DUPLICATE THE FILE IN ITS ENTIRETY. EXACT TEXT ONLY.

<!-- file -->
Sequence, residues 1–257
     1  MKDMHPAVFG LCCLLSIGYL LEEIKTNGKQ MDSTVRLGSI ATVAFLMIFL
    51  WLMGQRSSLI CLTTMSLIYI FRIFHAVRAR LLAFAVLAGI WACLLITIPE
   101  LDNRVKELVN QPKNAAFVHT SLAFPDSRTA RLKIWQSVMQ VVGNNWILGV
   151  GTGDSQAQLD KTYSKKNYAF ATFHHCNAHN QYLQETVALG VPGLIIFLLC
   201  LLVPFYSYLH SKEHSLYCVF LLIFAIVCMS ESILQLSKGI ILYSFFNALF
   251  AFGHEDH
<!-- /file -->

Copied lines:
Sequence, residues 1–257
     1  MKDMHPAVFG LCCLLSIGYL LEEIKTNGKQ MDSTVRLGSI ATVAFLMIFL
    51  WLMGQRSSLI CLTTMSLIYI FRIFHAVRAR LLAFAVLAGI WACLLITIPE
   101  LDNRVKELVN QPKNAAFVHT SLAFPDSRTA RLKIWQSVMQ VVGNNWILGV
   151  GTGDSQAQLD KTYSKKNYAF ATFHHCNAHN QYLQETVALG VPGLIIFLLC
   201  LLVPFYSYLH SKEHSLYCVF LLIFAIVCMS ESILQLSKGI ILYSFFNALF
   251  AFGHEDH